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Wednesday, July 21, 2021

 

Thursday July 22 to Thursday July 29

The Full Moon is Saturday, July 24.  Mercury is lost to view. Venus is readily visible in the evening twilight and is leaving Mars behind as it approaches the bright star Regulus. Venus is closest to Regulus on the 22nd. Saturn and Jupiter are visible late in the evening sky and are visited by the Noon on the 24th-26th. Southern Delta Aquarids meteor shower peaks 29th-30th.

The Full Moon is Saturday, July 24.

Evening sky on Sunday, July 25 showing the eastern sky as seen from Adelaide at 22:00 pm ACST. Saturn and Jupiter form a line in the late evening sky with the Moon between Saturn and Jupiter.

The insets shows the telescopic views of Jupiter and Saturn at this time.
 
Similar views will be seen elsewhere in Australia at the equivalent local time, click to embiggen.
 

 

Whole sky at 18:57 ACST  (90 minutes after sunset), on Saturday, July 24 as seen from Adelaide

 
 
 
 
 
 
Similar views will be seen elsewhere at the equivalent local time (90 minutes after sunset). click to embiggen.
 

Evening twilight sky on Thursday, July 22 looking north-west as seen from Adelaide at 18:25 ACST (60 minutes after sunset). Venus is low above the horizon. Venus is at its closest to the bright star Regulus with Mars below.





 Similar views will be seen throughout Australia at the equivalent local time (60 minutes after sunset, click to embiggen).
 
 
Evening sky looking east from Adelaide at 11 pm local time in South Australia. The starburst marks the radiant  (the point where the meteors appear to originate from) of the Southern Delta Aquariids. Similar views will be seen elsewhere at the equivalent local time (click to embiggen).

The Southern Delta-Aquarids meteor shower runs from from 12 July to 23rd August, peaking on Thurday July 29 to 30. The number of meteors you will see depends on how high the radiant is above the horizon, and how dark your sky is. This shower is fairly faint, with the highest rate of around a meteor every 7 minutes. This year the shower occurs when the Moon is close to the radiant so lower rates will be seen than usual.

At 11 pm, face east, and look  towards Jupiter (the brightest object above the eastern horizon). The radiant is just below Jupiter. This meteor shower should be visible from 10.00 pm until dawn. However, after Moon rise the rates will fall off considerably.

Mercury is lost in the twilight.

Venus is visible in the late twilight.  I have been able to see Venus from 15 minutes after sunset and it is easily seen 60 minutes after sunset.  Venus has passed Mars and closes in on the bright star Regulus, being closest on the 22nd

Mars is visible in the evening sky above the north-western horizon in the early evening. Mars is being left behind by Venus but like Venus is heading for Regulus.
   
Jupiter is now above the eastern horizon well before midnight. Saturn and Jupiter form a line in the sky, and the pair are visited by the Moon from the 24th to 26th. On the 25th the Moon is between Saturn and Jupiter. On the 26th the Moon is just below Jupiter.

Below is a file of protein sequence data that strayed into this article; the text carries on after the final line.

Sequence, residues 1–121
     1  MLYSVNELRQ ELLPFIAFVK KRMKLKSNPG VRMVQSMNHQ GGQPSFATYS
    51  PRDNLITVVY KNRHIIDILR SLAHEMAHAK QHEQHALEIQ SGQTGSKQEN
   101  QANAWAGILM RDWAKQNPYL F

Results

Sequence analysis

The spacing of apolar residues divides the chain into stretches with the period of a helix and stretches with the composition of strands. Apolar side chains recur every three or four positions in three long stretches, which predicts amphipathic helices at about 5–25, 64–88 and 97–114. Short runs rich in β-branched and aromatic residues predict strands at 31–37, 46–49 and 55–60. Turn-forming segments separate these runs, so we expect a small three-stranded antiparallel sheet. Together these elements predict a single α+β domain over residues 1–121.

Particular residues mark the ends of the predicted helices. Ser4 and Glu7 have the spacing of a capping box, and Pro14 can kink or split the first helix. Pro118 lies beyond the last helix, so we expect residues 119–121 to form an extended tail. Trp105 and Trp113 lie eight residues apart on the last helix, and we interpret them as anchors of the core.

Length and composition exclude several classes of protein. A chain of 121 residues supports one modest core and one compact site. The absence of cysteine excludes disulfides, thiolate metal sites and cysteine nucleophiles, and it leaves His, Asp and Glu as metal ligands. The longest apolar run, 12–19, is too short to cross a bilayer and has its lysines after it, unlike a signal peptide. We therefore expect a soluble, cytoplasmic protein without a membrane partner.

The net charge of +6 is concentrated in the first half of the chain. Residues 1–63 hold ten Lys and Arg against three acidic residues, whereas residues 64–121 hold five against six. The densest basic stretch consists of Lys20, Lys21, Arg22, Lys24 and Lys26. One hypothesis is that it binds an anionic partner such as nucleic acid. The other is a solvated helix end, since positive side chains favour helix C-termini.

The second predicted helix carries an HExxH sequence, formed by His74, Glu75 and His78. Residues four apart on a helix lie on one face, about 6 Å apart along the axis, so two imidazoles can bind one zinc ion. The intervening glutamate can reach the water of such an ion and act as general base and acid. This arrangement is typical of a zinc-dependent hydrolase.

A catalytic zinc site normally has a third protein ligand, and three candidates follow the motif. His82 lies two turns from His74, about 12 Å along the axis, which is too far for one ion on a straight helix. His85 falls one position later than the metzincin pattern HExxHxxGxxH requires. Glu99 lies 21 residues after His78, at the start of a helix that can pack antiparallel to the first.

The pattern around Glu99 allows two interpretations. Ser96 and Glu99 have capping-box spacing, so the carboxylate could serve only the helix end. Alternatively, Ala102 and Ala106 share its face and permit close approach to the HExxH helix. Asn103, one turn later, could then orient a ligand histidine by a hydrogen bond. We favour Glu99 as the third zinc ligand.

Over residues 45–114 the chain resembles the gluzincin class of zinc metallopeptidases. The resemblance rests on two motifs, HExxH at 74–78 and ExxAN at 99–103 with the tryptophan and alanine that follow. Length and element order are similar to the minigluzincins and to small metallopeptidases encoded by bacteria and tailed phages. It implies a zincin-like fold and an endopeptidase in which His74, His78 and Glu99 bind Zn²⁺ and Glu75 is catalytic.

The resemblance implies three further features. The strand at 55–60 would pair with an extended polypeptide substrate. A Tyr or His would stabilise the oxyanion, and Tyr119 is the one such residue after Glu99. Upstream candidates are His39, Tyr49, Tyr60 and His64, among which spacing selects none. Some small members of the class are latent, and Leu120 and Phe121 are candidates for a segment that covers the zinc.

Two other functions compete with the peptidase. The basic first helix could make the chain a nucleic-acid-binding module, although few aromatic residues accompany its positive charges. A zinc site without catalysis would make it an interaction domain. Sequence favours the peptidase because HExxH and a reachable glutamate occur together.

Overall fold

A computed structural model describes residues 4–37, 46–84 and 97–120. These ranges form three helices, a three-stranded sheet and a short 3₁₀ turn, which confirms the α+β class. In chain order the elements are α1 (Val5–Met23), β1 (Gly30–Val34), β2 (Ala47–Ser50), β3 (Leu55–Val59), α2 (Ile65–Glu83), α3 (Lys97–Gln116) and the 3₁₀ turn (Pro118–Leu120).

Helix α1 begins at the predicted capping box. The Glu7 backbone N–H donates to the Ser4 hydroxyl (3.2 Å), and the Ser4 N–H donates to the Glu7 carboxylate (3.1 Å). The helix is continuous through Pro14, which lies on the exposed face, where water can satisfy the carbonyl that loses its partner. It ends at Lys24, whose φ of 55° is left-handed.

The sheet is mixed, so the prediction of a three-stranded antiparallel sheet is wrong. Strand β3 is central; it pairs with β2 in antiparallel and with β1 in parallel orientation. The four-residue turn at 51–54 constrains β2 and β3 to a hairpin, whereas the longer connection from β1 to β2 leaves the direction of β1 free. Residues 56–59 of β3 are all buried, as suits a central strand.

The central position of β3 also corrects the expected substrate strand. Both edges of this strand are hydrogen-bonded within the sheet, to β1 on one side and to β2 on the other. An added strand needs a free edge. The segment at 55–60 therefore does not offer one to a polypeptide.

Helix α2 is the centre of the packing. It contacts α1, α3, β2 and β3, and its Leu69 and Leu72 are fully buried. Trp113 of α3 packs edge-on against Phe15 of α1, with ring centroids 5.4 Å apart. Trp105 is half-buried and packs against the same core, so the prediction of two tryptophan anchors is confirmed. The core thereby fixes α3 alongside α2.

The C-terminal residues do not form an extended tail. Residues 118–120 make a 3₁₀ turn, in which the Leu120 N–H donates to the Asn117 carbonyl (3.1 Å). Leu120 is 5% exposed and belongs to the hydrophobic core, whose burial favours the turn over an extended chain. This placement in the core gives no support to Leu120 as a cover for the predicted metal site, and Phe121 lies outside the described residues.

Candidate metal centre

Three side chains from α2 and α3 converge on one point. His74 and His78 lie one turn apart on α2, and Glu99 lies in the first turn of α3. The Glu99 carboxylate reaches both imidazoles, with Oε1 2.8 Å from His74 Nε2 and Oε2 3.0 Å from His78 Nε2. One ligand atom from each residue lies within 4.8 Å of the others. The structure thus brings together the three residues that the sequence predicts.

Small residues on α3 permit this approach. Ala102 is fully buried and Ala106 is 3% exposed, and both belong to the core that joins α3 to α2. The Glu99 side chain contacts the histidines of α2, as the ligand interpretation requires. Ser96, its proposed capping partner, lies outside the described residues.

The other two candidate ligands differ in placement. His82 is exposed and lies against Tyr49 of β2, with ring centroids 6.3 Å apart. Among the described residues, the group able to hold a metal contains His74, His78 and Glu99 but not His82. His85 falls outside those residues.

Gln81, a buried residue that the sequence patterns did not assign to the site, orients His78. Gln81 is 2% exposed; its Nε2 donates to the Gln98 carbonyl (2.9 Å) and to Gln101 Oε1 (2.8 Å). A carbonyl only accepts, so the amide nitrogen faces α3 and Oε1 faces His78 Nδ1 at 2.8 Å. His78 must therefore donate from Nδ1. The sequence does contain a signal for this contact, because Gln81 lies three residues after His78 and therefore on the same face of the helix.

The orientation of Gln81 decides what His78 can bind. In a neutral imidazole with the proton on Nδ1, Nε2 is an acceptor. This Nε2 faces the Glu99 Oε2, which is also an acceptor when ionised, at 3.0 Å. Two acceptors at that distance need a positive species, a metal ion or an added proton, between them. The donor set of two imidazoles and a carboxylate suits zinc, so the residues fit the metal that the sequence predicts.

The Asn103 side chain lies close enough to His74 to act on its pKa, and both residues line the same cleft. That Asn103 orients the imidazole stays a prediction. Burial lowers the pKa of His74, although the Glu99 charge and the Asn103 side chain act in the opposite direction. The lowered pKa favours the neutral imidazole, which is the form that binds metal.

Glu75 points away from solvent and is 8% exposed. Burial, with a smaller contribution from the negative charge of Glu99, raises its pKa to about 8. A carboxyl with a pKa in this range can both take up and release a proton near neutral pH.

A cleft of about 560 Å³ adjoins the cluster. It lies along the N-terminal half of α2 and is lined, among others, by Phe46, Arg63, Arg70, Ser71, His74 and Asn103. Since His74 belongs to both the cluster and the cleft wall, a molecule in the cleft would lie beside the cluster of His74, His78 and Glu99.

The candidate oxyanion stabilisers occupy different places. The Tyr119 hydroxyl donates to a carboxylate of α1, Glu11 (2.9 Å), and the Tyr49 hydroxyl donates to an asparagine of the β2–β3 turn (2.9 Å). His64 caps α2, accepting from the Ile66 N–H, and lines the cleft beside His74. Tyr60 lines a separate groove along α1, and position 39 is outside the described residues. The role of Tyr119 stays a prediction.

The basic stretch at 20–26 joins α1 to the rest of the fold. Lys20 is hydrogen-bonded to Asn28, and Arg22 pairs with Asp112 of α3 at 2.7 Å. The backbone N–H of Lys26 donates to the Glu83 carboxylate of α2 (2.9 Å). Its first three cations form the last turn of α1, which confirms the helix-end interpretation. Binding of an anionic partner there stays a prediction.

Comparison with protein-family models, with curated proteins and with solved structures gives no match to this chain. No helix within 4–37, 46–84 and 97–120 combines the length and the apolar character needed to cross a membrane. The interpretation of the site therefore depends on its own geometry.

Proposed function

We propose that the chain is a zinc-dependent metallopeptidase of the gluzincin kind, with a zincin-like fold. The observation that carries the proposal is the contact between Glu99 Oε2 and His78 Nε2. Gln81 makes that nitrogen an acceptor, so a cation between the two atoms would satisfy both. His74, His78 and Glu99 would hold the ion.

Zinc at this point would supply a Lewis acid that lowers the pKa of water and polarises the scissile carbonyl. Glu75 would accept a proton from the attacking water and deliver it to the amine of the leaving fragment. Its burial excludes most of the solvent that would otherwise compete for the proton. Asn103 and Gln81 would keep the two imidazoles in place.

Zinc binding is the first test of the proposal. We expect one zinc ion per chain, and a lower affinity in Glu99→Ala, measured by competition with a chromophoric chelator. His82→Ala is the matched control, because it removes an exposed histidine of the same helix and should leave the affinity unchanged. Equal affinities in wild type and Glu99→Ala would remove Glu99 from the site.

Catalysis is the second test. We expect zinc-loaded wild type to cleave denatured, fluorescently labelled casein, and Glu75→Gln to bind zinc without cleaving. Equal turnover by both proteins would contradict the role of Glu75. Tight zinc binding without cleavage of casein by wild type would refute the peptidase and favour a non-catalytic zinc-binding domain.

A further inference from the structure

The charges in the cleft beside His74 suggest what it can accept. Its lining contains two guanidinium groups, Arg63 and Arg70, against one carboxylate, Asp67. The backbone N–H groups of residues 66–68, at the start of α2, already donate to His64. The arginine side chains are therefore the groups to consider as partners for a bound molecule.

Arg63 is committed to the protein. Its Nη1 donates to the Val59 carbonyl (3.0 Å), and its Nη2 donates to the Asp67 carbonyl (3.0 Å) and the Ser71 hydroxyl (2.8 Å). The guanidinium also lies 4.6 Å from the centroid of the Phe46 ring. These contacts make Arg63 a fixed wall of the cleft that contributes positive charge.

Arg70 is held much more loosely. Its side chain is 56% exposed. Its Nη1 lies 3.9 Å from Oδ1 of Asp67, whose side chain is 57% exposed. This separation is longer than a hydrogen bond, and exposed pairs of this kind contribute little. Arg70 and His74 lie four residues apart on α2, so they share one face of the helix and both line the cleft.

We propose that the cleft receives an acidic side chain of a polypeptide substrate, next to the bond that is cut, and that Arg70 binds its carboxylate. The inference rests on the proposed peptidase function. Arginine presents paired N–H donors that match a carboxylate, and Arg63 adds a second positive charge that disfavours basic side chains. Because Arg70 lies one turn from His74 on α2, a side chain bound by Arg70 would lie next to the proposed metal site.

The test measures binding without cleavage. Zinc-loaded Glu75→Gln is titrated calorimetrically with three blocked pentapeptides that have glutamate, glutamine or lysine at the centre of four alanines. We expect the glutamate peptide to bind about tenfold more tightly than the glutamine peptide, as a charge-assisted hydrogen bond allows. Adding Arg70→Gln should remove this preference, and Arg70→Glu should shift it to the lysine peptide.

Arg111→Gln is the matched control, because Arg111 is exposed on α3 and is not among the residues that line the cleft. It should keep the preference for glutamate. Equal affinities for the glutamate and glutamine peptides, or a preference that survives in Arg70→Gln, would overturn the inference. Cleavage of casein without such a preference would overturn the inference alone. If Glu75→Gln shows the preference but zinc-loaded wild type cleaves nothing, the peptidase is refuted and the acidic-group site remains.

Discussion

Saturn is now rising well around 8pm.  On the 24th The Moon is just above Saturn.
On the 25th the Moon is between Saturn and Jupiter.
 
Printable PDF maps of the Eastern sky at 10 pm AEST, Western sky at 10 pm AEST. For further details and more information on what's up in the sky, see Southern Skywatch.


 

Star Map via Virtual sky. Use your mouse to scroll around and press 8 when your pointer is in the map to set to the current time.

Cloud cover predictions can be found at SkippySky.

Here is the near-real time satellite view of the clouds (day and night) http://satview.bom.gov.au/ 






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Tuesday, July 13, 2021

 

Thursday July 15 to Thursday July 22

The First Quarter Moon is Saturday, July 17.  Mercury lowering in the morning sky. Venus is readily visible in the evening twilight and is leaving Mars behind as it approaches the bright star Regulus. Venus is closest to Regulus on the 22nd. Saturn and Jupiter are visible late in the evening sky.

The First Quarter Moon is Saturday, July 17. The Moon is at Perigee, when it is closest to Earth, on the 21st.

Evening sky on Saturday, July 17 showing the eastern sky as seen from Adelaide at 22:00 pm ACST. Saturn and Jupiter form a line in the late evening sky

The insets shows the telescopic views of Jupiter and Saturn at this time. Io is crossing the face of Jupiter.
 
Similar views will be seen elsewhere in Australia at the equivalent local time, click to embiggen.
 

 

Whole sky at 18:53 ACST  (90 minutes after sunset), on Saturday, July 17 as seen from Adelaide

 
 
 
 
 
 
Similar views will be seen elsewhere at the equivalent local time (90 minutes after sunset). click to embiggen.
 

Evening twilight sky on Wednesday, July 21 looking north-west as seen from Adelaide at 18:25 ACST (60 minutes after sunset). Venus is low above the horizon. Venus is close to the bright star Regulus with Mars below.





 Similar views will be seen throughout Australia at the equivalent local time (60 minutes after sunset, click to embiggen).
 
Morning twilight sky at 6:53 ACST (30 minutes before sunrise), on Saturday, July 17 facing east as seen from Adelaide. 
 
Mercury is visible low in the twilight.
 
 
 Similar views will be seen elsewhere in Australia at the equivalent local time  (30 minutes before sunrise)
 
 
 
 

Mercury is now low in the morning twilight this week, this week will be the last opportunity to spot the fleet planet this month.